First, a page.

A system that had once been insulated from the limitations of "the town" found itself, students, lecturers and workers, having to learn new skills and to relate differently with the town. This was the beginning of all the ills that ruined the Nigerian university system. Lecturers began to cut corners, they learnt to become businessmen; when they discovered that there were better opportunities overseas, they flocked out of the system in droves, those who stayed behind paid less attention to scholarship and looked for political appointments and consultancies. The rot spread so quickly, that brilliant students no longer wanted to stay back as graduate assistants, they looked for lucrative appointments in a Nigeria that had begun to place greater emphasis on money.
In Ibadan, the worse evil that befell the university was the drift towards religious fundamentalism by the university community. There was a time when the biggest issue in this university was the location of the Crescent of the university mosque and the Cross of the Chapel of Ressurection. The Christians said the Crescent was facing their church, the Muslims said the Cross was overlooking their mosque and there was near-bloodshed. And these were supposed to be intellectuals! At another time, one fellow went to the university zoo and wanted to re-enact the role of Daniel in the Lion's Den.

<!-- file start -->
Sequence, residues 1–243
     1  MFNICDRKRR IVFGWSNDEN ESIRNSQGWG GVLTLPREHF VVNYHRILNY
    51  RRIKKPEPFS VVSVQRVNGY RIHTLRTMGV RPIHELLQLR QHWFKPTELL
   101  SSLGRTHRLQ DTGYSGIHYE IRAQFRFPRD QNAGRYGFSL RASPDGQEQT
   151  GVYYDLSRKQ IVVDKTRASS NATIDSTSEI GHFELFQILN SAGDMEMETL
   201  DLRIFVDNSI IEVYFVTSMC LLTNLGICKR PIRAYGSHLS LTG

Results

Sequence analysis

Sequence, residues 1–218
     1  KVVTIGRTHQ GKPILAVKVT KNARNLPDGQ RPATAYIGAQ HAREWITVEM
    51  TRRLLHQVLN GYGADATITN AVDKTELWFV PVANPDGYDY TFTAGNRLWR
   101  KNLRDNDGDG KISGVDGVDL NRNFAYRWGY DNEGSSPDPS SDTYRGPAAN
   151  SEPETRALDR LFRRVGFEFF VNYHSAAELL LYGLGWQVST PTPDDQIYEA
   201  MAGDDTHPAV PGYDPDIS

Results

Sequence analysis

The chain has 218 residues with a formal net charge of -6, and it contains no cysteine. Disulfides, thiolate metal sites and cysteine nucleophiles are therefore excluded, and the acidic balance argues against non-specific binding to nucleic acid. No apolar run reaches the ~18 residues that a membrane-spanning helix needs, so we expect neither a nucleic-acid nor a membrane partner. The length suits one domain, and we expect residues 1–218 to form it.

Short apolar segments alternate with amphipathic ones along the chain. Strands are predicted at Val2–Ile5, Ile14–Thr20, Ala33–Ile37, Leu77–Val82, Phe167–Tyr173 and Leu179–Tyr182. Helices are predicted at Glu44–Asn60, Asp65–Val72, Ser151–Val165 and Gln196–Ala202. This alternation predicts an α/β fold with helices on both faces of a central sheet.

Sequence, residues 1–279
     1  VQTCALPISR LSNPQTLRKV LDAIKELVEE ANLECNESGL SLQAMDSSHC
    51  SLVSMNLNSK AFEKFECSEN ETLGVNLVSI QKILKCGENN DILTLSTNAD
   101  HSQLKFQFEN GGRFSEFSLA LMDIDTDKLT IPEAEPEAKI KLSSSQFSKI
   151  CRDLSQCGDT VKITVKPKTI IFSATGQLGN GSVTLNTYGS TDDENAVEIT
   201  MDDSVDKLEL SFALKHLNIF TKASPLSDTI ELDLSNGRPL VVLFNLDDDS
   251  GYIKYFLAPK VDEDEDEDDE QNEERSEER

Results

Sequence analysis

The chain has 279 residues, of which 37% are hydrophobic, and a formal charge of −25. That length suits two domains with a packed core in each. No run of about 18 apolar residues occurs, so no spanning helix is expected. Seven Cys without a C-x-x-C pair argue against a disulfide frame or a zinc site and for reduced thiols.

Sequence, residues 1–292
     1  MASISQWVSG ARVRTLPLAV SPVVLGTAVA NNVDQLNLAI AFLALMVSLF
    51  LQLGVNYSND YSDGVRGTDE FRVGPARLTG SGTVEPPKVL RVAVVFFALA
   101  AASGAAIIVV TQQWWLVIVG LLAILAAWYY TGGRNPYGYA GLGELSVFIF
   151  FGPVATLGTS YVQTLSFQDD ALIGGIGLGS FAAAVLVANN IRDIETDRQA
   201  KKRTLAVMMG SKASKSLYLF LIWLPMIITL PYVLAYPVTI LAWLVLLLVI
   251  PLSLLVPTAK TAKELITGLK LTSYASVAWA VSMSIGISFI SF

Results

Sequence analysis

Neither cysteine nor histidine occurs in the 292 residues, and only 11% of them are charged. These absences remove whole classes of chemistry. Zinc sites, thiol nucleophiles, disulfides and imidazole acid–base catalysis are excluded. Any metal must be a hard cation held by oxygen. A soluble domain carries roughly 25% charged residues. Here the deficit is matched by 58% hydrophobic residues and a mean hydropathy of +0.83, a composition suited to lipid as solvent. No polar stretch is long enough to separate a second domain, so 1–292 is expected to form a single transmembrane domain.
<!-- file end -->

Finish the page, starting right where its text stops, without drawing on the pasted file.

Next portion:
He entered the Lion's cage at the zoo and he was torn into pieces. Regularly, ritual offerings were found at crossroads and in front of university offices. Many of the brilliant scholars who looked like they were heading for Nobel Prizes suddenly abandoned research and joined the halleluyah and alihamdulilahi choruses searching for religious salvation. They stopped researching and repudiated all that they stood for as the Bible and the Quoran became the reference points for scholarly enquiry. The Christians among them had forgotten that Albert Einstein was a Christian. Thus, the University of Ibadan began to look more and more like the town. Sixty years after, this process of disappearance in UI and other Nigerian universities is near-complete. The duty of government is to reverse the decline, not to mock as Yar'adua did on November 17.